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Migrant children held in hotels with "no security" or protection from COVID-19, civil rights advocate says

Migrant kids are being held in U.S. hotels
Migrant kids are being held in U.S. hotels 03:25

The federal government is holding dozens of separated migrant children at hotels, not detention centers, while they await deportation from the United States. The Trump administration is now facing a lawsuit filed by the Texas Civil Rights Project.

From March through June, the Border Patrol says it apprehended nearly 100,000 people at the Southwest border. More than 6,000 are unaccompanied children.

"They have suffered trauma, you know, getting to the United States, and now they are suffering trauma at the hands of our government," said Karla Marisol Vargas, a senior attorney at the Texas Civil Rights Project.

The group recently uncovered unaccompanied migrant children set for deportation being held in Hampton Inn & Suites in Arizona and Texas.

"There's absolutely nothing in the established protocol that says that these children need to be sent to hotels," Vargas said.

That's because U.S. law says children illegally entering the country must be held at facilities overseen by the government as they await their asylum cases.

CBS News has learned the hotels have been used nearly 200 times. Meanwhile, more than 10,000 beds sit empty at government shelters, according to the Associated Press.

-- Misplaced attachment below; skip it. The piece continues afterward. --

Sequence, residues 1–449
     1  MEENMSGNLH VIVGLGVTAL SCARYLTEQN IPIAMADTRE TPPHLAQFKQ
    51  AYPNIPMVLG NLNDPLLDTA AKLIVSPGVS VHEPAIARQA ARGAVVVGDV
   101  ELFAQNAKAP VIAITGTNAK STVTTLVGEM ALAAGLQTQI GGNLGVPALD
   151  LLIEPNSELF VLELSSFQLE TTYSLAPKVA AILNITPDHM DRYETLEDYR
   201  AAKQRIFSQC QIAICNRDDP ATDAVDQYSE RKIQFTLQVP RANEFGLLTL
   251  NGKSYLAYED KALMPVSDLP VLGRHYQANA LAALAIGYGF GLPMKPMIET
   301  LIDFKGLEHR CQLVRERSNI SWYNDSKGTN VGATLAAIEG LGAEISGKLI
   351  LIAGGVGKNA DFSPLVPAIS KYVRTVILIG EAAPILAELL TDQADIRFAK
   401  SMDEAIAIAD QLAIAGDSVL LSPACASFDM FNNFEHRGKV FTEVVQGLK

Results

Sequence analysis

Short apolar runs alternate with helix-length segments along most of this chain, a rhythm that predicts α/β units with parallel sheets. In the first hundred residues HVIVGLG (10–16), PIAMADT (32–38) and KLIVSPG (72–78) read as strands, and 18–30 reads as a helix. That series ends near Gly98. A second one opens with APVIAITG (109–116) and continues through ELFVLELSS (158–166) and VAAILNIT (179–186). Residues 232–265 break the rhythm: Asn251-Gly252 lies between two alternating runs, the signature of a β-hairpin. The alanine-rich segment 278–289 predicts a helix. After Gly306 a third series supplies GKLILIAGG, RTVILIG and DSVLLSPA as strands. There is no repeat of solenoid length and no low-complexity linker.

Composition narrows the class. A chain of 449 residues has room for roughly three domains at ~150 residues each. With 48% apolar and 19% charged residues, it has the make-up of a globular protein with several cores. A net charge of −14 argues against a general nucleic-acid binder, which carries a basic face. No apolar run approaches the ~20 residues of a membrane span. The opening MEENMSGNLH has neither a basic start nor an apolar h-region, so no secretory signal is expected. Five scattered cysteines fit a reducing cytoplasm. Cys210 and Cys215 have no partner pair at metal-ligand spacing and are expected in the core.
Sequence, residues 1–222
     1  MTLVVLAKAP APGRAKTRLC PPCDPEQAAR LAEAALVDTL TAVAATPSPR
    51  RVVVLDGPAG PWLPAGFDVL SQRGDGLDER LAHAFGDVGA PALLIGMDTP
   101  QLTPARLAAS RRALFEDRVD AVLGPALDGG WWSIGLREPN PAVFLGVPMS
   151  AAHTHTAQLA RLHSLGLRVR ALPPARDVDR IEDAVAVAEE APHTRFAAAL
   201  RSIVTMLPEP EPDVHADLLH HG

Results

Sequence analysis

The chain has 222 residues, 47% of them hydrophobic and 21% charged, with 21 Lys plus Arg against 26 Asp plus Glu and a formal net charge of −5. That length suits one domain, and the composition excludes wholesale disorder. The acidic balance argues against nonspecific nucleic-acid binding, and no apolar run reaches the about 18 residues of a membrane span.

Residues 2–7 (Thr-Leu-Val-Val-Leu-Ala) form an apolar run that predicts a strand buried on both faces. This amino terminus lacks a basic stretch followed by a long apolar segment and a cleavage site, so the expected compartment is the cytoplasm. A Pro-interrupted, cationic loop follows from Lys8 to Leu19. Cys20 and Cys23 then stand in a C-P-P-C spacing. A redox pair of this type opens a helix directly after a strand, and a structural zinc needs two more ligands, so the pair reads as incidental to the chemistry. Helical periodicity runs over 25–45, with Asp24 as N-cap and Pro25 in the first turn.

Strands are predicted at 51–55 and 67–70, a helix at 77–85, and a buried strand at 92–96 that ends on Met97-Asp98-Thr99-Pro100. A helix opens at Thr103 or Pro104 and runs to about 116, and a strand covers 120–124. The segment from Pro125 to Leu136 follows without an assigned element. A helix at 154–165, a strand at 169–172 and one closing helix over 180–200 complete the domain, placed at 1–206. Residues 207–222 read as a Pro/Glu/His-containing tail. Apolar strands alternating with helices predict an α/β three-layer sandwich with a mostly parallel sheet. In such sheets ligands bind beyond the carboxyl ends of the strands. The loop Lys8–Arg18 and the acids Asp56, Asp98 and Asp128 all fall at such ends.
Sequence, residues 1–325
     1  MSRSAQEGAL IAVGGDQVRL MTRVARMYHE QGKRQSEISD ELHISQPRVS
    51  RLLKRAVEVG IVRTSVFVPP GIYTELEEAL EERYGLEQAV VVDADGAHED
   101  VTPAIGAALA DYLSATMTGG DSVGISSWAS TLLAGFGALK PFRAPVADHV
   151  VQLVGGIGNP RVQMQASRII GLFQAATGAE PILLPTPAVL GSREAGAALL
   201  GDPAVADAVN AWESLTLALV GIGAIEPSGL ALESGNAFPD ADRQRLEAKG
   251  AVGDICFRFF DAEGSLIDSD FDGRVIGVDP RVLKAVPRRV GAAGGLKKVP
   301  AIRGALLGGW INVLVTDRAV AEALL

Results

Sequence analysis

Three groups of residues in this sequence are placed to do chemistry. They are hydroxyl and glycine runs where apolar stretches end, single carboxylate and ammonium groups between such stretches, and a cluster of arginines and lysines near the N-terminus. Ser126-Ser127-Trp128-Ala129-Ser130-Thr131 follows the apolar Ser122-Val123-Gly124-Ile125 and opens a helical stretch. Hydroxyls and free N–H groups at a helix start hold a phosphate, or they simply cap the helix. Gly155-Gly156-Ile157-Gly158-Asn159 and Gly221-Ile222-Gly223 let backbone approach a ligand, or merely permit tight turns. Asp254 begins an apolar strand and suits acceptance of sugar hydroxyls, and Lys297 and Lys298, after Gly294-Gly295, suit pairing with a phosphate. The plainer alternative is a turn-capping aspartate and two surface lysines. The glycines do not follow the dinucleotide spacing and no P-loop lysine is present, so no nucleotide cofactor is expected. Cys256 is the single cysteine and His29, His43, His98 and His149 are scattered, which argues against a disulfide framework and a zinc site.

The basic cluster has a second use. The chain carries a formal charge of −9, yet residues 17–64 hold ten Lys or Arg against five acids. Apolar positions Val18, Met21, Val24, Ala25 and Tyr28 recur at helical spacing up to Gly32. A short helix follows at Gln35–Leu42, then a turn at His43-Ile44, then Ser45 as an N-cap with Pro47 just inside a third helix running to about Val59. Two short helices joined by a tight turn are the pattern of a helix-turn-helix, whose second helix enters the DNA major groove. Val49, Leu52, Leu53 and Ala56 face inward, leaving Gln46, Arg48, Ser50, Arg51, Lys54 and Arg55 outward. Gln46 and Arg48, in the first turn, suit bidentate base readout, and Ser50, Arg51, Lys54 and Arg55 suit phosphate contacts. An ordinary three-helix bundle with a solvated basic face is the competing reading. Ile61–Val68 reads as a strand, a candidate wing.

"There seemed to be no security at this site. I did not see any sort of indication that there — during a pandemic — if there were any emergency supplies, any sort of ventilators," said Roberto Lopez, a community outreach coordinator with the Texas Civil Rights Project.

Lopez was part of the team that documented the conditions in one of the hotels.

The children are supervised by a contractor used by Immigration and Customs Enforcement, which said in a statement to CBS News, "The transportation specialists (are) ... non-law enforcement staff members trained to work with minors and to ensure that all aspects of the transport or stay are compliant."

Data obtained by CBS News shows that since March, border officials have deported more than 2,000 children under an order implemented by the Centers for Disease Control and Prevention.

Back in May, that order was extended indefinitely. 

"This administration ... have jumped on this opportunity to use the pandemic as a justification to essentially waive all asylum protections for individuals," Vargas said.

Hilton and Castle Hospitality, which franchised the hotels, told CBS News they are "committed to providing safe, clean and comfortable accommodations to all guests, especially vulnerable populations." Castle Hospitality said it complies with all lodging-related state and federal regulations and that their customers have assured them that they are meeting all requirements related to housing these groups.

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